Next, on page 140, he tells us it is clear that Paul “regards Jesus’ resurrection as a model for our future resurrection”. (In his “Knowing the Holy Spirit”, p.33, C.J.H.Wright tells us that Jesus’ resurrection body is the prototype for the redemption of our bodies. Using Philippians 3:21 for support, he fails to appreciate that verse’s reference to glory which the disciples obviously did not see on earth but Jesus prayed that they would see in heaven, John 17:5,24! Immediately after his resurrection, Jesus’ physical appearance was such that he was mistaken for a gardener, John 20:15, or went unrecognized, Luke 24:16. Some glory!) This apparently ignores Paul’s strong stress on transformation in 1 Corinthians 15:51ff. In Acts 2 and 13 both Peter and Paul distinguish sharply between those who like David have seen corruption and those who like Jesus have not! (See further my essay No Return to Corruption.) Licona then appeals to Romans 8:11 which refers to our bodies (cf. v.23) not to our flesh (cf. 2 Cor. 4:11). In other words, Paul makes a distinction between body (soma) and flesh (sarx). And it is beyond question that the apostle never dreamt that either the flesh or its corollary the earth could be immortalized (cf. Rom. 1:23,25 and 2:7,10). The plain fact is that for Paul as for the rest of the apostles the flesh in contrast with the body is always pejorative (John 6:63, cf. 2 Cor. 3:10f.) and, like the creation from which it emanates, it is temporal (Gen. 1:1; Heb. 1:10-12), corruptible (Rom. 8:18-25; James 1:10f.) and doomed by divine decree to pass away (Isa. 51:6,8; Mt. 24:35, etc.) once it has served its purpose. So I conclude that the distinction between the eternal Creator and his temporal creation, between heaven and earth, etc., is basic to Scripture. In light of this it is a fundamental fallacy for Licona and others to posit a material spiritual body inheriting the kingdom of heaven. Paul makes it indisputably clear that the corruptible cannot inherit the incorruptible (1 Cor. 15:50).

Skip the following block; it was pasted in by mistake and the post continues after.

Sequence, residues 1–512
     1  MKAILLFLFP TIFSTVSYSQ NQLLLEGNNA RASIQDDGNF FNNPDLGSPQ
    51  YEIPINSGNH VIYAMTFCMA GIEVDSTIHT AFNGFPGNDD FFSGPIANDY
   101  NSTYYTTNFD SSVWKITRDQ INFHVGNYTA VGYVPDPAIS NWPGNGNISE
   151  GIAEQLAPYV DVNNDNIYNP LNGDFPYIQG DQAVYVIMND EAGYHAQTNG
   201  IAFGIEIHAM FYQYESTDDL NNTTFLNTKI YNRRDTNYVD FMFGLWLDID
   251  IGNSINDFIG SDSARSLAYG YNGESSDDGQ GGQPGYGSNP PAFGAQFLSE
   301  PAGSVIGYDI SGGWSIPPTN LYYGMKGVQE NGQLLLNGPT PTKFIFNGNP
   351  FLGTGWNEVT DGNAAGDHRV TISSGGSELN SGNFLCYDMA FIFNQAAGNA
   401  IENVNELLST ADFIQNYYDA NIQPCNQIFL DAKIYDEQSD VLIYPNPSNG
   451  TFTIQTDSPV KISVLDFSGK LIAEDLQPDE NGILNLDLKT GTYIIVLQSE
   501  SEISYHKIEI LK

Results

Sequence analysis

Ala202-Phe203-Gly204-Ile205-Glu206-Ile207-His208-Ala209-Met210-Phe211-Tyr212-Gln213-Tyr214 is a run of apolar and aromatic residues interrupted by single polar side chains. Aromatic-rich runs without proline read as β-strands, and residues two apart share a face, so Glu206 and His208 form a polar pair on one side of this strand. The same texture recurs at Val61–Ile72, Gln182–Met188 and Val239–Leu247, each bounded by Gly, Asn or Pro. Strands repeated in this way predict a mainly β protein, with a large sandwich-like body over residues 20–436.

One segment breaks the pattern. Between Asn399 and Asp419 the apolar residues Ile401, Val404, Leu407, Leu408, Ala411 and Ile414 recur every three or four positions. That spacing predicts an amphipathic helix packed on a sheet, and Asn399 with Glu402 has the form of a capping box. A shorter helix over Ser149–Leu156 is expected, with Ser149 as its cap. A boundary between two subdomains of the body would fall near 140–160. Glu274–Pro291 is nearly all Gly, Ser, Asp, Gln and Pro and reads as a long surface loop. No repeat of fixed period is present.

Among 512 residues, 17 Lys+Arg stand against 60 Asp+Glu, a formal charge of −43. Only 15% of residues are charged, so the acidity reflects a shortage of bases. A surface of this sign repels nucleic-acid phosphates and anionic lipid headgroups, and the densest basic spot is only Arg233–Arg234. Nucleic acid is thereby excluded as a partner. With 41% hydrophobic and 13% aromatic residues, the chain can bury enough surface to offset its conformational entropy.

To say this, however, raises the question of the nature of Jesus’ resurrection body. (See further my essay Re The Body of the Resurrected Jesus.) A true understanding of the theology involved makes it clear, first, that Jesus was truly incarnate, that is, mortal flesh; second, that he gained the (eternal) life promised to Adam by keeping the law; third, that he gave his flesh in death for others (Col. 1:21f.; 1 Pet. 3:18); and fourth, that his physical resurrection as one who had committed no sin was a divine necessity based on the promise (Acts 2:23f.). If Jesus rose from the dead it must have been in the flesh as he had himself predicted (John 2:19-21; 10:17f.) or the promise was not fulfilled. But to suggest that he rose in a glorified fleshly body (glorified dust?) not only denies his physical restoration but also reflects massive misunderstanding regarding the nature of the transformation glorification of Jesus as our God and Saviour (Phil. 3:21, cf. Luke 9:26; John 17:5,24; 2 Cor. 3:18; Tit. 2:13, etc.), and nothing Licona or others like him have said persuades me otherwise. On the other hand, had he not risen from the dead in the flesh (cf. Luke 24:39), the implication would have been that he earned the wages of sin which was death and inevitable corruption (Gen. 3:19).